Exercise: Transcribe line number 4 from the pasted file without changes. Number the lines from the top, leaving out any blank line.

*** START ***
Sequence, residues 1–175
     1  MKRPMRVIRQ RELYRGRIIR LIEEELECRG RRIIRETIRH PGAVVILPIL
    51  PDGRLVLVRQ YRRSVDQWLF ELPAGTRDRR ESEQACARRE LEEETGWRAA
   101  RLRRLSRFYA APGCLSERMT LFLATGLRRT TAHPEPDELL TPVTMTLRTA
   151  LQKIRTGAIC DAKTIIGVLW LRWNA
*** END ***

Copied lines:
   101  RLRRLSRFYA APGCLSERMT LFLATGLRRT TAHPEPDELL TPVTMTLRTA